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Girls paint socioeconomic disparity, sexual harassment

Rawalpindi, MAR 9 /DNA/ – More than fifty female participants from different schools and colleges of twin-cities skillfully reflected issues and challenges confronting girls and women in different mediums and pallets. The live painting competition was organized by the Development Communications Network (Devcom-Pakistan) and Punjab Arts Council Rawalpindi in collaboration with Islamabad Crescent Lions Club (ICLC) on Wednesday to mark the International Women’s Day.

Sexual harassment, inequality, lack of education, poverty, socio-economic struggle, social disparity, domestic violence, dreams and hope were the subjects the participants painted very intelligently. Some of the art works aesthetically presented flickering vision and thoughts the young women are surrounded by.   

Kulsoom Chattha and Qindil Shahzad of the Fatima Jinnah Women University won the first prizes, Laiba Imran from Superior College and Tasbiha Rehan from Federal Government Postgraduate Girls College Kashmir Road won the second prizes, Fizza Javed from Islamabad Model College for Girls (Postgraduate) F-7/2 and Muneeba Urooj from International Islamic University Islamabad secured third position, Saharun Nisa of Sultana Foundation Girls High School and Alina Latif of Islamabad Model College for Girls (Postgraduate) F-7/2 stayed at fourth position, while Laiba Yaseen of Arid Agricultural University and Omaima Khan of Divisional Public School won fifth position. Mahnoor Khushhal of Fatima Jinnah Women University won the Director’s Choice Award.

Chairperson Senate Standing Committee on Climate Change Senator Seemi Ezdi was the chief guest on the occasion. Speaking on the occasion, she said the paintings were a true reflection of the girls’ apprehensions and aspirations. Through art, they have reflected what they feel about the untoward behaviours at homes and in society as well. Art is just not a source of expression but a medium to educate people about the social concerns and taboos.    

Well-known women activist Sumaira Raza urged the parents to give confidence to their daughters to face the challenges of life and career. We need to prepare our young girls for the future and support their aspirations for the sake of a vibrant society.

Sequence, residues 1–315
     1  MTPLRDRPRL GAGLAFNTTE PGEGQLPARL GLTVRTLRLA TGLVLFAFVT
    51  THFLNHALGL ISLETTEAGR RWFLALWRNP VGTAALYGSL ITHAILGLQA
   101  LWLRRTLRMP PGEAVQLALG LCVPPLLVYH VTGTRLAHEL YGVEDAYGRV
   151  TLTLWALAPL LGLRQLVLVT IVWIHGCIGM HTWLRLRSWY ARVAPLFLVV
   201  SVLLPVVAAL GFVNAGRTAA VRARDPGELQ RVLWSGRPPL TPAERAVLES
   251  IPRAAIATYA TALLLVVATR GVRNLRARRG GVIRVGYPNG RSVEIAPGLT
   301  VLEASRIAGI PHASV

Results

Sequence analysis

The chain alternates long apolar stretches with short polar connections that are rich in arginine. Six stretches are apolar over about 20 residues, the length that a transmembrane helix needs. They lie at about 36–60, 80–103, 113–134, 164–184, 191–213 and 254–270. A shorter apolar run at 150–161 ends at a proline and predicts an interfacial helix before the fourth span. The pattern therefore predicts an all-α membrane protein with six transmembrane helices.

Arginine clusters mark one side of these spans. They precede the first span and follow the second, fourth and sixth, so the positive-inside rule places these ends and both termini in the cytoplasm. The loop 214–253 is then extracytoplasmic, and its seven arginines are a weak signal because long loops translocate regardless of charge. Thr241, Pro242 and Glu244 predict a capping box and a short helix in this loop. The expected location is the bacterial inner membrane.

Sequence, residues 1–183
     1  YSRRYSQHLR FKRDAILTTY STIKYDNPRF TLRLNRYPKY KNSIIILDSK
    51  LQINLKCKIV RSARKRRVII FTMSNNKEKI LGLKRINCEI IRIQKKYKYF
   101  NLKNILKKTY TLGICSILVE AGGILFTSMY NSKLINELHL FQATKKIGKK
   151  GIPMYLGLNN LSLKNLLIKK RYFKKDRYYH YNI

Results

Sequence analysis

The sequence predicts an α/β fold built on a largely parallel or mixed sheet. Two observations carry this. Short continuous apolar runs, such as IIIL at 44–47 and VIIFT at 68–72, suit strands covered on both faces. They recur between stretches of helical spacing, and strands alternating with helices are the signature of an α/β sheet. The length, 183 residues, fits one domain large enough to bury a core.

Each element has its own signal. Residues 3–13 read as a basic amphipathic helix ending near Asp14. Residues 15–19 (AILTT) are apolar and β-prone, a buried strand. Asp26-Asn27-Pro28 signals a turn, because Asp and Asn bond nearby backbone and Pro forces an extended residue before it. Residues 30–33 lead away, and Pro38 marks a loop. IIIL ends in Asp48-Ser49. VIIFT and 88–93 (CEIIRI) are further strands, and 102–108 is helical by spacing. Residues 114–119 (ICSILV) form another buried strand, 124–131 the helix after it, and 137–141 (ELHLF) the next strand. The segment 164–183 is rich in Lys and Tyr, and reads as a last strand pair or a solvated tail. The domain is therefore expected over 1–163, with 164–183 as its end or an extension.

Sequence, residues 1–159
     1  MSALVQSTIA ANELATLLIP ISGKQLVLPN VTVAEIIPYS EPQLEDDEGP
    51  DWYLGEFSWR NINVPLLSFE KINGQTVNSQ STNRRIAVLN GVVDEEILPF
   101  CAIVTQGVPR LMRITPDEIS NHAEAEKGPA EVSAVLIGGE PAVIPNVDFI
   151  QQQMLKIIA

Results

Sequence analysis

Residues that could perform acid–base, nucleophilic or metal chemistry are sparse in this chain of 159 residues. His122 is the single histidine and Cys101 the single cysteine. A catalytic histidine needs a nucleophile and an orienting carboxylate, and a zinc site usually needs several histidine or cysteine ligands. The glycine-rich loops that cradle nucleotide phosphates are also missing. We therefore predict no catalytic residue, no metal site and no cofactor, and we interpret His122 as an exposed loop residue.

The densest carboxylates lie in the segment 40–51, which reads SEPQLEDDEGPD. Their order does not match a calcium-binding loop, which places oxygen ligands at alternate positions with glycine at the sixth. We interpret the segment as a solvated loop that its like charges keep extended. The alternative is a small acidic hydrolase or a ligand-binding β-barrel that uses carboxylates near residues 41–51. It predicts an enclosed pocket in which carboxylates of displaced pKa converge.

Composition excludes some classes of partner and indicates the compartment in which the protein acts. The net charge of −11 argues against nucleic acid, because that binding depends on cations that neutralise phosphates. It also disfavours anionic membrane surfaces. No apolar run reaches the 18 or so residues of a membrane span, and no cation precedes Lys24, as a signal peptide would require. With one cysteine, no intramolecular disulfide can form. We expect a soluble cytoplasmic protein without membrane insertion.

The exhibits reflect the strength of womanhood that has a key role in a refined society. The first prize winning painting in the Masters category showed an incomplete image of a woman surrounded by the flowers and attractive motifs. Explaining her painting, Humera Tamkeen said women of our society are incomplete despite all luxuries available to her. She is adored for her charms not as a person and her work is also ignored.  

Devcom-Pakistan Director Munir Ahmed said art can play a significant role in transforming society. This medium of creativity stimulates inner vision of a person, and grooms the aesthetics leading to individuals playing a positive role in society.

Ahmed said the International Women’s Day (March 8) is a day to reinforce the pledge to give women their due space in the society. Women shall be given equal opportunities of social and economic growth as pledged in the global treaties and conventions. While celebrating the day, we need to recognize the social, economic, cultural and political achievements of women.

Ahmed said, every year Devcom-Pakistan develops its own theme and a set of events are planned around it that depict women’s struggle for their rights in Pakistan. This year ‘women in culture’ is the theme to focus on the women’s work in the cultural sector. Women of our society are striving hard to get their due place in every profession to play their dynamic role to boost the economy and to make a robust society. In this struggle, they face many hurdles and stigmas, and unfortunately their work and struggle is undermined despite a long journey of advocacy and awareness-raising efforts.

Punjab Arts Council Rawalpindi Director Waqar Ahmed said we need to recognize, appreciate and celebrate the women’s work to inspire more womenfolk to become part of the economic productivity. Women working in the culture sector are more stigmatized in Pakistan especially those engaged in the professions such as dance, music and theatre.

A student Mahnoor Khushhal said men should support their daughters, sisters and wives to actively live in the society and contribute to the domestic economy. Without active participation of women, no nation can socially and economically prosper. She said the Devcom-Pakistan festival has created many opportunities for women to express their talent and skills in many ways.      

Riffat Ara Baig, Head of Art & Design West Minster School, was of the view that the participants have done some marvelous work the best of which would be displayed in the festival’s forthcoming exhibition. The festival is achieving its objectives by engaging different segments of society in different activities despite lack of funds and sponsorships. 






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